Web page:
FIG. 1 shows a view of a tire and rim with an insert according to the invention installed. In more detail, FIG. 1 shows a cut-away view of tire 1 on rim 2. Doughnut-shaped piece of material 3 spans the space between tire 1 and mounting or insert brackets 4 on rim 2. FIG. 2 shows a perspective view of material 3, and FIG. 3 shows a sectional view along line III-III in FIG. 2.

The doughnut-shaped piece of material preferably is shaped and sized to contact an entire surface of the tire's tread 5, although this need not be the case. In addition, the material can be shaped and sized to contact an entire inside surface of the tire. For example, the cross-section shown in FIG. 3 of insert 3 matches the inside surface of a tire with which the insert is intended to be used. Other shaped and sized designs can be used as long as the insert contacts at least enough of the inside surface of the tire's tread to support the tire during driving.

The doughnut-shaped piece of material can be made of natural or synthetic rubber as indicated by the hashing in FIG. 3. Alternatively, the insert can be made of natural resin, synthetic resin, fabric (e.g., Kevlar®), plastic, other materials, or some combination of these materials. The material can be porous (i.e., with air pockets inside) or non-porous. However, the most preferred embodiment uses solely solid rubber.

Different shapes and size of material preferably are used with different shaped and sized tires.

FIG. 4 shows more detail of brackets 4 attached to rim 2. The brackets can be attached using any suitable technique. One suitable technique is to attach the brackets in a same manner as wheel weights are attached to a rim.

The brackets support an insert, according to the invention, above a drop center 6 of the rim 2. The brackets 4 facilitate use of a standard sized doughnut-shaped piece of material with various different types of rims that have different drop centers. Thus, even if another rim has a differently shaped drop center than rim 2 in FIG. 4, a same shaped insert can be used in both cases as long as the rims are for a same sized tire by virtue of use of the brackets.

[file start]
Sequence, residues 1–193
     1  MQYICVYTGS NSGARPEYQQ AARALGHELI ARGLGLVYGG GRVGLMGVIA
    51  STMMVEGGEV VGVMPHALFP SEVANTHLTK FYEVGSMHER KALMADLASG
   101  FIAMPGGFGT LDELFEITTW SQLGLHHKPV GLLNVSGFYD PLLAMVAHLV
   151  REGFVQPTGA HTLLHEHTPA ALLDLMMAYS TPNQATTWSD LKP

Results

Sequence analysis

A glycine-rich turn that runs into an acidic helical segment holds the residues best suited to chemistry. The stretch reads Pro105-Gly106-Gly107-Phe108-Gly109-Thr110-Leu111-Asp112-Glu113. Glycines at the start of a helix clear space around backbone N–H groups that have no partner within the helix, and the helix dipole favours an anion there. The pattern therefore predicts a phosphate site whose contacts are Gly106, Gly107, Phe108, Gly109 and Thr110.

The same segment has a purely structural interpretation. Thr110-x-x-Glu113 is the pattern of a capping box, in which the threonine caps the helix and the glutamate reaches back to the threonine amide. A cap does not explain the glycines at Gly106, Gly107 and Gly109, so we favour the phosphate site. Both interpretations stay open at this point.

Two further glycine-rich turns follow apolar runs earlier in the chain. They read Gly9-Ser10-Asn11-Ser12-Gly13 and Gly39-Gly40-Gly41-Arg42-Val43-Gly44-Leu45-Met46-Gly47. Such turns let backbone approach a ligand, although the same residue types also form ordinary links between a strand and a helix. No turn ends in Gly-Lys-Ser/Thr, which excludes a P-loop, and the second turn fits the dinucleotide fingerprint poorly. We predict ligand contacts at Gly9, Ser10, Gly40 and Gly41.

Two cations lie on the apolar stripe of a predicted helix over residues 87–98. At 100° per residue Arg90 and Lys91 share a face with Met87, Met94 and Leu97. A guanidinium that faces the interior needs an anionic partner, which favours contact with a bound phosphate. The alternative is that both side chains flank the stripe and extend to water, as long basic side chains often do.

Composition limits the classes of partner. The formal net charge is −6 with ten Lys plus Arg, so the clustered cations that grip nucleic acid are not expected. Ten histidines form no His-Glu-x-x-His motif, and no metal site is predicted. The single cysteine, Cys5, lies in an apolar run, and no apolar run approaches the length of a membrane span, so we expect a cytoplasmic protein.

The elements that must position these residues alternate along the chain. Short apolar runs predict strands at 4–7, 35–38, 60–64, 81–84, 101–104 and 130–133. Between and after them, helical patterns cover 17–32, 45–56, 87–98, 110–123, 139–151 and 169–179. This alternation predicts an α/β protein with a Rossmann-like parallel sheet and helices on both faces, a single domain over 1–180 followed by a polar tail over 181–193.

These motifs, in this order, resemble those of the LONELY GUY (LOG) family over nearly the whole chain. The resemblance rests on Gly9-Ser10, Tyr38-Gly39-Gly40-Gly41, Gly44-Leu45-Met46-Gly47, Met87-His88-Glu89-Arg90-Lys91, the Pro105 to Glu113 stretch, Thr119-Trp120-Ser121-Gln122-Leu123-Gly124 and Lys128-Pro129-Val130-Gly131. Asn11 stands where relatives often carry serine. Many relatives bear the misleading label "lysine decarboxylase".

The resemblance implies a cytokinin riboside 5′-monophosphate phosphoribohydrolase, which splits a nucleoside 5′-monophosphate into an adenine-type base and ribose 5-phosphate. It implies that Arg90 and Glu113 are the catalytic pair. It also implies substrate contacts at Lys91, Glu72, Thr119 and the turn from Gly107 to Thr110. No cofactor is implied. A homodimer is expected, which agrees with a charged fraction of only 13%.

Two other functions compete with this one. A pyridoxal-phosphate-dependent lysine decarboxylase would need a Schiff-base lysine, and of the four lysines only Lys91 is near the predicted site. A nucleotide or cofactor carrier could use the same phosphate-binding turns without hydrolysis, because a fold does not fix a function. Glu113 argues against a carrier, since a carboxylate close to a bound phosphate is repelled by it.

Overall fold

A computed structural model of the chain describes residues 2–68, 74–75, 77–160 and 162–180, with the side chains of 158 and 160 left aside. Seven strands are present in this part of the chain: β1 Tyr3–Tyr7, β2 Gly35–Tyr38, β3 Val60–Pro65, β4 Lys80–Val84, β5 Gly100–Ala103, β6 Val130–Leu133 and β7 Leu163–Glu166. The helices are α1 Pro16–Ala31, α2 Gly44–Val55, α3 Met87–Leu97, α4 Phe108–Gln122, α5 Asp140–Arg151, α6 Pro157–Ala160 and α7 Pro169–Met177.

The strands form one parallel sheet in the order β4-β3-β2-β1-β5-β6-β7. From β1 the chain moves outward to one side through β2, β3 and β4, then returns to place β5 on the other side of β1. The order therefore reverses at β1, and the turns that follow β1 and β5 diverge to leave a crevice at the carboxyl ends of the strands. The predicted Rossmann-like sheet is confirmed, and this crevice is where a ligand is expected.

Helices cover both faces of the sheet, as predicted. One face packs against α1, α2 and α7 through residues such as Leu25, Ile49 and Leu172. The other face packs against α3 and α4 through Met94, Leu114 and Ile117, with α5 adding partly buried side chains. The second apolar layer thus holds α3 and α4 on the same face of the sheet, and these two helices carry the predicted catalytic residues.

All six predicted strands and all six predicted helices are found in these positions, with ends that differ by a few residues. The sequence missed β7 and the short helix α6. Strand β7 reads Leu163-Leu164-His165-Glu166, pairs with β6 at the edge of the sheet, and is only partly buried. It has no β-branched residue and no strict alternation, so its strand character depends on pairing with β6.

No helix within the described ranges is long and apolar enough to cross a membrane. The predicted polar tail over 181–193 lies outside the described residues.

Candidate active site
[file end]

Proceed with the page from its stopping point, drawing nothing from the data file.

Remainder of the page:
In addition, same sized brackets often can be used with differently sized rims. As is evident from FIG. 4, attachment of the brackets is not dependent upon a radius of the rim.

Preferably, the brackets are about one inch wide and are made of metal alloy. Any other suitably strong and durable material can be used. In addition, different sized brackets also can be used.

Eight mounting brackets preferably are used. Fewer or more brackets can be used if so desired. In one alternative embodiment, a single bracket that completely surrounds the drop center is used. In another alternative embodiment, more than eight brackets are used, for example, to provide extra support.

An insert, according to the invention, (including a doughnut-shaped piece of material and brackets) supports the tire away from the rim with little or even no air inside the tire. The material of the insert does not “leak” out of a tire even if the tire has a substantial puncture or cut. Thus, the tire will not go flat in most circumstances. In fact, a tire with the insert in place should be resistant to anything short of massive damage to the tire.

ALTERNATIVE EMBODIMENTS

In the preceding description, a preferred embodiment of the invention is described with regard to preferred process steps and data structures. The invention is in no way limited to the specifics of any particular preferred embodiment disclosed herein. Many variations are possible which remain within the content, scope and spirit of the invention, and these variations would become clear to those skilled in the art after perusal of this application.